Safed (Hebrew: Tsfat) is a picturesque town of 32,000 souls nestled in the hills of Galilee. Already a Jewish city in talmudic times, it is celebrated as the site of a great flowering of kabbalistic thought in the 16th century. Today the city hosts an artists' quarter and an annual festival of Klezmer music.
There is also an Arab neighborhood numbering 200 families—a reminder that, since the late 12th century, Jews and Arabs lived together and enjoyed historically neighborly relations. Those relations were torn asunder during the Arab riots of 1929 when Muslims assaulted the city's Jews. With the outbreak of Israel's war of independence in May 1948, Arab forces tried to drive out the Jewish population altogether, but the tables were turned and the Arabs ending up fleeing when the city was conquered by Jewish fighters.
Not surprisingly, most of Safed's mosques fell into disuse after '48. Recently, however, Safed's mayor invited the northern branch of Israel's Islamic Movement (a body informally divided into two geographic entities) to participate in a renovation program. The gesture was consistent with Israel's obligation to safeguard the holy places of all faiths, but the decision to bring in the northern branch was a grave misstep. Not only does the northern branch openly identify itself with Hamas and agitate for the destruction of Israel through implementation of the Palestinian "right of return," but members of the branch have taken part in terrorist acts against Israeli civilians.
By coincidence, the branch's fiery leader, Ra'ed Salah, has just been released from prison after serving five months for assaulting an Israeli police officer. Salah is lionized in certain sectors of the Arab-Israeli community for having participated in the Gaza flotilla—where he reportedly made incendiary speeches to the passengers who later clashed with Israeli naval commandos. In a reflection of his high standing, hundreds of supporters greeted him upon his release from prison.
But surely renovating a mosque is a thoroughly innocuous form of behavior? Not to Salah, who declared on an Islamic website last May that simply asserting a Palestinian right of return does not suffice. Rather, action is needed "to protect [the refugees'] lands, homes, and holy places . . . until the right of return is realized." It should thus come as no surprise that a Palestinian flag was recently seen waving from a Safed mosque, further stoking tensions in the city.
From the perspective of the northern branch, then, the war for Safed is on—or still on. On the Jewish side, meanwhile, the vacuum created by the mayor's reckless policy has unfortunately been filled by the city's politically extremist chief rabbi, Shmuel Eliyahu. Viewing the presence of young Arab college students in town as an aspect of the larger Jewish-Arab struggle over the land of Israel, Eliyahu issued a blanket rabbinic prohibition against renting out apartments in Safed to non-Jews. But while some students may be members of the northern branch, it's just as possible that some are not, while others may be Christians, Bedouin, and Druze. Needless to say, Eliyahu's position is a radical departure from the spirit animating classical religious Zionism, a spirit well articulated by Haim David Halevy, the chief rabbi of Tel Aviv, in 1988: "In the Western democratic world, to which we belong, society is founded upon equal rights for every person; there is no place in a democratic state for religious discrimination."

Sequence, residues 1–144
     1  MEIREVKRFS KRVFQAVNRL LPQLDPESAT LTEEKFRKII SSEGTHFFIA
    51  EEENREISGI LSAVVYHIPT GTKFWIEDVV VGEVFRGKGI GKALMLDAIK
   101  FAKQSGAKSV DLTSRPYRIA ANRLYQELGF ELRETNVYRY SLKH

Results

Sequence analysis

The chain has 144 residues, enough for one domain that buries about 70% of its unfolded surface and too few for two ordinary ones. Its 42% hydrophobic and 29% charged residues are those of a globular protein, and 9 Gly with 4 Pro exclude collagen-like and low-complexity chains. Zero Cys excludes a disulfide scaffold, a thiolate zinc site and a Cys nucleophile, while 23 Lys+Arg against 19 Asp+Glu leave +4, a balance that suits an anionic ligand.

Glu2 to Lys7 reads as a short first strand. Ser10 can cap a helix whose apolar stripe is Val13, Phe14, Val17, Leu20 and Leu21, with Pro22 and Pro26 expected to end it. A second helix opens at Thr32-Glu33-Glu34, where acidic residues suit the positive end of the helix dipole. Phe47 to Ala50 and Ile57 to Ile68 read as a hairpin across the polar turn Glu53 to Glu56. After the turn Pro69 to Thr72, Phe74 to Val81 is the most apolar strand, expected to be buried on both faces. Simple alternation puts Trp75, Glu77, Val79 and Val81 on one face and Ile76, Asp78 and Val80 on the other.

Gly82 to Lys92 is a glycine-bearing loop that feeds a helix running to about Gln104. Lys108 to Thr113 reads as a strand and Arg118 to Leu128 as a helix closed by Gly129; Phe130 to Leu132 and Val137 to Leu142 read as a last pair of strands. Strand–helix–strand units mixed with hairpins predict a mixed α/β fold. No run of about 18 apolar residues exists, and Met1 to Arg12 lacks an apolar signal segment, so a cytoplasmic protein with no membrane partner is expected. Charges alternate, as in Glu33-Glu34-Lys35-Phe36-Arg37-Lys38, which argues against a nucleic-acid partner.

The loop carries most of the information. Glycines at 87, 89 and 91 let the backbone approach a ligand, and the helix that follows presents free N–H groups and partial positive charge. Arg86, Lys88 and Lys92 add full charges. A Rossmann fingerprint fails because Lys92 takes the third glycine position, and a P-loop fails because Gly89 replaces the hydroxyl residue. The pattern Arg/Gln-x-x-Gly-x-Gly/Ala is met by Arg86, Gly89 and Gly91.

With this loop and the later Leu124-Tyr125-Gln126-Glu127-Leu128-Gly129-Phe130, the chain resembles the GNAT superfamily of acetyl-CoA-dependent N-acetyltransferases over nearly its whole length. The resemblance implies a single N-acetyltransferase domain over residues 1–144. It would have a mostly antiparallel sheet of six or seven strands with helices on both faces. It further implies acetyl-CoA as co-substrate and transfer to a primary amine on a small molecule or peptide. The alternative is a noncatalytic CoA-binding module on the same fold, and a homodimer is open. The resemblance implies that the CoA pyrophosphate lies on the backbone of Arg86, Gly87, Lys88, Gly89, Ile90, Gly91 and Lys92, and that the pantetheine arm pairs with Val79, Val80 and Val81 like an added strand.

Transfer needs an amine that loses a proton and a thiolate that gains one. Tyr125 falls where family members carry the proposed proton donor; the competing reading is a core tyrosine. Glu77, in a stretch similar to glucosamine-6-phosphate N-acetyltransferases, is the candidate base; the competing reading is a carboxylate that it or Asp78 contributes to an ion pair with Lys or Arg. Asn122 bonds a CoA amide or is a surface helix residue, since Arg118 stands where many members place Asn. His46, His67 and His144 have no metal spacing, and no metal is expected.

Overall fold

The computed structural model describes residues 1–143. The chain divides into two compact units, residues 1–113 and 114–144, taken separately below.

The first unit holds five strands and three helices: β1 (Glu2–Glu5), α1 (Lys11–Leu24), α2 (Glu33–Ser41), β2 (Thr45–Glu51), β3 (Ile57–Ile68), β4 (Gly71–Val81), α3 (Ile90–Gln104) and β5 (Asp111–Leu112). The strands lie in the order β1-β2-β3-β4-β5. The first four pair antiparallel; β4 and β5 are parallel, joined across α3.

The absence of strong and lucid local leadership in Safed has contributed to the spread of conspiracy theories among the increasingly ultra-Orthodox Jewish population. A recent decision to open a medical school in town was met by posters claiming that the force behind the scenes was none other than Ra'ed Salah, and that the school's ultimate intention would be to serve as "a refugee camp for Arabs." Salah would certainly like to claim Safed for the Muslims—he doesn't hide his intention—but he has nothing to do with the medical school, a planned outlet of Bar-Ilan University.
While Safed's mayor continues to claim that the city is a model of co-existence and that local tensions are simply a matter of cultural insensitivity, various Israeli political figures have been hoping to ease matters by calling for Rabbi Eliyahu's removal. For her part, the eminent Israeli thinker Ruth Gavison has argued quite plausibly that the tensions in Safed are the inevitable result of two conflicting demographic developments—"the relatively rapid growth" of, on the one hand, Arab and, on the other hand, "religious and ultra-religious Jewish populations"—and that quick, effective action on a regional scale is urgently needed to reconcile the "multiplicity of identities" that live in or use the city's services.
In the meantime, the bottom line is that Ra'ed Salah is free, and the northern branch of the Islamic Movement continues to look for ways to radicalize the country's Arab population and undermine Jewish sovereignty, including by setting up shop in Safed.
You can find this online at: http://www.jidaily.com/safed